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Party Planning: Why The Host Always Pays

Sarah Reuangrith Party Planning Wedding

This is a party planning article, if you want to read more articles like this one please check out our Party Planning 101 post.

Today I want to talk about who should pay for a party.  It may seem like a fairly straight forward topic but this is not always the case.  

Why The Host Should Always Pay

My rule of thumb when it comes to hosting an event is that the host should always cover the cost of the people they are inviting.  This rule holds true whether you are inviting one person to a dinner or a large group over to your house for a special occasion.  The fact is that by inviting someone, you have all the cards in front of you; you picked the time, location and the activity.  If this is the case, why should you expect your guest to pay?  

Let's look at an example.  Let's say a new restaurant opens up downtown that I really want to check out.  It is a very expensive restaurant.  I ask if my friend would like to join me Saturday at 6 pm to check it out.  They say yes as they haven't seen me in awhile due to some health issues and moving into a new house.  As I took care of all the details for the reservation and picked them up they may not have checked out the menu in advance so have no idea how expensive the place is.  They arrive and realize right away that it is not in the budget.  Now if we are following the rule above this would not be a problem as I would plan to pick up the bill and would likely reassure them of this fact right away.  After all it was my choice of restaurant and had they not chosen to come I would have kept asking people until someone said yes.  However, you could see how awkward this would be if I didn't cover the bill.  My friend would be very uncomfortable as things are a bit outside their price range but as they agreed to come and we have a reservation they would likely order the cheapest thing on the menu and spend the whole meal figuring out how they could come up with the money when really they just want to leave and go to the Denny's down the street.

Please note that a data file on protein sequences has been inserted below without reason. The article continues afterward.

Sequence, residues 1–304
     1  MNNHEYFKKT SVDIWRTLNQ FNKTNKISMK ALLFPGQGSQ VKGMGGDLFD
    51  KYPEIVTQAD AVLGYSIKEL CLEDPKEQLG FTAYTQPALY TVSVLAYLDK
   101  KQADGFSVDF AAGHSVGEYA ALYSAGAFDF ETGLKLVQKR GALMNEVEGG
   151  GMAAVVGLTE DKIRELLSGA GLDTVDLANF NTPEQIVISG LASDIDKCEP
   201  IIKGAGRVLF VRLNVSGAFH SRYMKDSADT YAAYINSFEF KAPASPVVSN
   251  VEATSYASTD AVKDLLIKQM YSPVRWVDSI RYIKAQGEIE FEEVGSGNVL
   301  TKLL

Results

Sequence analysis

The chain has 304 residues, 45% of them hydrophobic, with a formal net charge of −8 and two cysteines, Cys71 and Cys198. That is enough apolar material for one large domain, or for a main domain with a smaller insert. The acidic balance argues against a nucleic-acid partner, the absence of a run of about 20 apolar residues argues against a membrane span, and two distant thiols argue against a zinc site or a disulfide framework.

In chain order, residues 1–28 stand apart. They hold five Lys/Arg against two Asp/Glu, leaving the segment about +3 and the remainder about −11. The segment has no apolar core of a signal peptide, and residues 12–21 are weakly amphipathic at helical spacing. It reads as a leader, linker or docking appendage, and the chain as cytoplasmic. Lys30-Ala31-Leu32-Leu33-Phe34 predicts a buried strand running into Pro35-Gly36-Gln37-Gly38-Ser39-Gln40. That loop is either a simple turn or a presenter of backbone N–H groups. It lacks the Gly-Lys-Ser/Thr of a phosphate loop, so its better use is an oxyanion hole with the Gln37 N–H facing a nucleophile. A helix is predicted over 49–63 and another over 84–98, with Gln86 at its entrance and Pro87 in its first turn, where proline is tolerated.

Simple example right?  But what about in other cases where the invite is a bit more flexible, say a group of friends catching up over drinks or attending a movie together? My answer is that the host should still pay.  The better question is who is the host?

Who is the Host?

 A host is anyone that assisted with the planning of the event, regardless of how minor a role they play.  If they had a say in location, date and/or time they have contributed towards the overall events success.  Still not sure who the host is? When in doubt, I always ask myself the following question:

Did the invitation require a yes or no answer or was I given a choice?

If the person inviting you provides all the details and you simply need to say yes or no, you are a guest.  However, if the person starting the conversation asks for your opinion or provides several options you are co-hosts.  Think of getting a formal invite in the mail for an event such as a wedding or birthday party.  Your response to such an invite is yes or no.  Once you arrive at the event their is no cost to you with the exception of items above and beyond the basic event (drinks, coat check, taxi home, etc).  Could you imagine enjoying a wedding and then getting the bill?  

Keep in mind that not everyone follows proper protocol so you may be a guest and still be expected to pay.  Hopefully in these cases the "hosts" will make that clear so that you are not caught unexpectedly.

Let's look at a couple examples to illustrate my point.

Example One: A friend I haven't seen in awhile sends me a text message about catching up and wonders if I am free on Saturday.  I am so we go back and forth and eventually settled on 6 pm at a restaurant half way between our houses.  Who is the host?